What You Can Do To Keep Pineapple From Hurting Your Tongue

If you tend to think twice before reaching for a juicy piece of pineapple in fear that it might cause the inside of your mouth to burn and feel irritated, you are not alone. While some may experience a legitimate allergic reaction to the tropical fruit, the discomfort felt on your tongue, cheeks, or the roof of your mouth after biting down on a piece of pineapple is likely the effect of an enzyme called bromelain, which occurs naturally in the fruit (via Livestrong).

According to Bon Appétit, bromelain is a chemical found in pineapples that has highly corrosive qualities due to the two protein-eating enzymes — known as proteases — it is composed of. The two enzymes that make up bromelain work together to quickly and efficiently break down amino acids, which means that the discomfort you feel in your mouth when eating pineapple is most likely just the enzyme mixture doing what it does best in your mouth, making the fruit have an extra acidic punch. 

How to avoid the pineapple burn

Luckily, any damage caused by bromelain in pineapple is naturally reversed when the body regenerates the damaged cells, meaning that you shouldn't feel any prolonged symptoms (via Bon Appétit). Additionally, while bromelain can wreak oral havoc on its way in, it is not likely to cause any pain during digestion because it is easily broken down by stomach acid (via Livestrong). In other words, your stomach can handle it, but your mouth can't.

In extreme cases, raw pineapple can irritate the lining of your mouth to the point of mild blood loss, according to Spoon University. However, while its effectiveness in breaking down proteins may make bromelain a sworn enemy of the tongue, its powerful qualities make the chemical — and the fruit it is found in — an ideal tenderizer for meat (via HuffPost).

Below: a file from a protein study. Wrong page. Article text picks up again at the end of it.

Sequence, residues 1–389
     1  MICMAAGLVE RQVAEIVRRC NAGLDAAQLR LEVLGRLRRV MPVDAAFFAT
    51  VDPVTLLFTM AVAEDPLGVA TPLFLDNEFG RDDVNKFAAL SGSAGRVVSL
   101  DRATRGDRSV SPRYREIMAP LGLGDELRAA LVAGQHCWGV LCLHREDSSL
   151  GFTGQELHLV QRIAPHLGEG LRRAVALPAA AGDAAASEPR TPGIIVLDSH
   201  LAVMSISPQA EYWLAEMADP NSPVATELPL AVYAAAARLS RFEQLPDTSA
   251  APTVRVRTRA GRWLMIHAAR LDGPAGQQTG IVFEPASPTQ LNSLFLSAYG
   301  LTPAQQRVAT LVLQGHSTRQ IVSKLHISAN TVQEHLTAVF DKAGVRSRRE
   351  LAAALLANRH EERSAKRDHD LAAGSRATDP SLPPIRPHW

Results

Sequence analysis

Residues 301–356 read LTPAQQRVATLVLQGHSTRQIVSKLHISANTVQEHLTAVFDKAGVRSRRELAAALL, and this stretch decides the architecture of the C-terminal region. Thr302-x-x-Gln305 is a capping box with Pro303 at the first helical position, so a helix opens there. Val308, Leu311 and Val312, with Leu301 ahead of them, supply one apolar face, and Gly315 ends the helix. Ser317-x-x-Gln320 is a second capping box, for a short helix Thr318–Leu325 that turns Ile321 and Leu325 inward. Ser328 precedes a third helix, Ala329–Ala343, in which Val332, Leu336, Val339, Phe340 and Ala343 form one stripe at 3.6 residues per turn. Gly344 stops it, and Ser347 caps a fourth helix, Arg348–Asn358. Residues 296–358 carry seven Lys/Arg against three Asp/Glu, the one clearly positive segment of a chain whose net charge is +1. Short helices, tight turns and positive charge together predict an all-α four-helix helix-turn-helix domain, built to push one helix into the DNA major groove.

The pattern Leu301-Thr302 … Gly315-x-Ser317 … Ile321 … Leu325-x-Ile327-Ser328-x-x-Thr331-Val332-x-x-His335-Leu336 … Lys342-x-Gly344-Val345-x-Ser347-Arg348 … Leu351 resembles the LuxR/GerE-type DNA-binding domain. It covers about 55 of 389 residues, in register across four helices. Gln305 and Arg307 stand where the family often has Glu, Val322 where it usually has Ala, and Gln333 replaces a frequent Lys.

Because the highest concentration of bromelain in pineapple can be found within its core, or stem, one way to reduce the amount of pain experienced from a piece of juicy pineapple is to make sure its core is removed completely before consuming. Additionally, Bon Appétit advises that soaking chunks of pineapple in salted water overnight can minimize the effects.

However, the only way to truly remove the destructive enzyme is by applying enough heat to cook the pineapple. Cooking the pineapple, whether by grilling it, roasting, or even baking, will break down the bromelain found in pineapple to a level where it won't hurt to eat it.

Is it the bromelain or an allergy to pineapple?

If you've been advised to let your diced pineapple rest at room temperature in an attempt to reduce irritation, but still find it uncomfortable to eat, it may be because bromelain can survive at room temperature for up to a week (via Spoon University). However, pairing pineapple with a creamy dairy product, such as yogurt or ice cream, provides a secondary protein for bromelain to feast on while also neutralizing the pH levels in the fruit.

While bromelain is known to cause an uncomfortable burning sensation in the mouth, if you feel a different type of discomfort while eating pineapple, like itchiness, it's possible that you may be allergic to the fruit. Oral allergy syndrome (or pollen-food sensitivity syndrome), manifests when individuals who suffer from pollen allergies feel itching or swelling in their mouth, throat, lips, or face after eating fruits like apples, celery, melon, or pineapples (via Livestrong).

However, this allergy isn't actually triggered by pollen inside the fruit. Some fruits contain similar proteins to those that are found in pollen, which confuses the immune system and triggers an allergic response. And although symptoms for this allergy are typically mild, it's important to differentiate whether the discomfort you feel after eating pineapple is caused by bromelain, or a result of oral allergy syndrome, as serious cases of the latter can lead to severe throat swelling that could potentially impede your ability to breathe efficiently.